Adrian Bartholomew — lead singer/guitar/piano
Randy McGill — drummer/keys
Ryan Krause — bass/guitar
The Police, Santana, Steel Pulse, Mark Knopfler, SRV, Frederick Chopin, Gary Hector, ACDC, Bob Marley, Mighty Shadow, RHCP, Tom Petty and Billy Joel.
From the Band
Situated at the southernmost end of the Caribbean archipelago, the island nation of Trinidad has contributed far more to the history and culture of the Americas than its small size would suggest.
Since the late fifteenth century, when the island's native inhabitants first greeted the arrival of Spanish explorers, through the tragic centuries of the Middle Passage which brought African slaves to labor in the tobacco and sugar cane fields of European overlords, to its present-day status as an internationally renown destination for tourists and bankers, Trinidad's past is a fascinating and intriguing mixture of sadness and joy, "Old" World and "New," tradition and innovation.
Blending artistic and expressive elements drawn from South America, Africa, and Europe into a unique and vibrant voice of its own, Trinidad's culture is recognized the world over. Nowhere is the culture, history, and essence of Trinidad more evident than in its music.
Calypso, together with its more contemporary, up-beat offshoot Soca, is the indigenous music of the island and its people. It is to Trinidad what reggae is to Jamaica: an essential element of its people's identity, a living testament to the island's history, and the "language" by which Trinidad communicates with the world.
At the heart of Calypso/Soca are percussive rhythms. Transported to Trinidad aboard European slave ships, the drum-based music of kaiso ("kah-EE-so") was once used by the people of Africa to communicate with one another across the plains and jungles of their vast native continent. For Trinidad's slave community, kaiso served as a vital link between past and present. The music kept them connected to their original land while providing them with a common voice through which they could express thoughts and emotions often denied them by their masters. Their songs told sagas of the passage of time. They celebrated the joys of birth, marriage, and successful harvests. And they spoke of lives once lived and of hopes for a future brighter, and more free, than the present.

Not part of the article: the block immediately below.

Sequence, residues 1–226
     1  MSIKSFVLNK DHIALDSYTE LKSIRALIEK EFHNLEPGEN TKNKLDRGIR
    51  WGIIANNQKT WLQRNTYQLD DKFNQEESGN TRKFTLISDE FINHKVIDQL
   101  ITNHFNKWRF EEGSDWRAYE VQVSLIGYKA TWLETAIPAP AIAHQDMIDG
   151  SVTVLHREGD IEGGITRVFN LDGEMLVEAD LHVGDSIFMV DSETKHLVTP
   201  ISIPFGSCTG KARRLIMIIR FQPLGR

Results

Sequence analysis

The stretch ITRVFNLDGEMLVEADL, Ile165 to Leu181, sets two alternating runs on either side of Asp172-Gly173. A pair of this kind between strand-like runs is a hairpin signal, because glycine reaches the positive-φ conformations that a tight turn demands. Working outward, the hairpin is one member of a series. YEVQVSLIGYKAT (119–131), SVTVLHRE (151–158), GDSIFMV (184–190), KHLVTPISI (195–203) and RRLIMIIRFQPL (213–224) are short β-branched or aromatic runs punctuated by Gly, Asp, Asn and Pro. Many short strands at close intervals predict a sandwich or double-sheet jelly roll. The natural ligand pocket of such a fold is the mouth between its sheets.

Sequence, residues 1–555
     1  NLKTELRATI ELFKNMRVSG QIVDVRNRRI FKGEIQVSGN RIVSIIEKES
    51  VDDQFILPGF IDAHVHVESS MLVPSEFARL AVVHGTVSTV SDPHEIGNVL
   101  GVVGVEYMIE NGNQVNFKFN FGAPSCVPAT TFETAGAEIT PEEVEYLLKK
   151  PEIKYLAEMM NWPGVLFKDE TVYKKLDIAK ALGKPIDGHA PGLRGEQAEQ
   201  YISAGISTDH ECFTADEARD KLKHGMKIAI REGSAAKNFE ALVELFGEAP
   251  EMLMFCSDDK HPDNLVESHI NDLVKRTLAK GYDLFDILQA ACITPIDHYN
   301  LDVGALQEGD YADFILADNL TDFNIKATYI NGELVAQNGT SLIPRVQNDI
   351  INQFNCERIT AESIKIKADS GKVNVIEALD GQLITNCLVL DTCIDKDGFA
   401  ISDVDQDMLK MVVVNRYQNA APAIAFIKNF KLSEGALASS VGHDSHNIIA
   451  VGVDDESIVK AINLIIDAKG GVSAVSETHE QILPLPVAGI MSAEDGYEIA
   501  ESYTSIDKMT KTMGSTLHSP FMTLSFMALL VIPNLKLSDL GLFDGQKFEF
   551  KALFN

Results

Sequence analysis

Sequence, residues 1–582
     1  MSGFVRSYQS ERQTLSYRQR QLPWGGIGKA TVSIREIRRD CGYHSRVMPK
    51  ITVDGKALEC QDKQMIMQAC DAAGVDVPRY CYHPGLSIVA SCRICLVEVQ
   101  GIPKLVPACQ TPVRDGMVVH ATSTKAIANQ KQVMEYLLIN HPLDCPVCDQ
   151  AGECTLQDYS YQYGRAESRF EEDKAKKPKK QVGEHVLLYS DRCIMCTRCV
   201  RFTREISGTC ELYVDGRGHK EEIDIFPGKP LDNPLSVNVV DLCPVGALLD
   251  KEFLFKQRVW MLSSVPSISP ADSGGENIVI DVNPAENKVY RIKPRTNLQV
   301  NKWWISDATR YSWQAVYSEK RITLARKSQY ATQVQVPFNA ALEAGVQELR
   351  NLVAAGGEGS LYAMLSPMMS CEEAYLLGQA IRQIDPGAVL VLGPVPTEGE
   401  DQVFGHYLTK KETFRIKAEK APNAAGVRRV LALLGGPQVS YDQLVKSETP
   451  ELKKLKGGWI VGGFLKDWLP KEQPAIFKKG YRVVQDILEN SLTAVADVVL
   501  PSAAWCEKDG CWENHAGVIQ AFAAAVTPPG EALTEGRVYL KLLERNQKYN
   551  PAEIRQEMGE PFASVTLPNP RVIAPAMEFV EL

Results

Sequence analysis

As memories of Africa grew dim with the birth of new generations, and as political control of Trinidad passed from Spain to France and then Great Britain, Trinidad's communities incorporated elements of these cultures into their own artistry and music. In time, kaiso was transformed into calypso, a unique and distinctive musical style known for its biting social commentary and its close association with Trinidad's Carnival celebration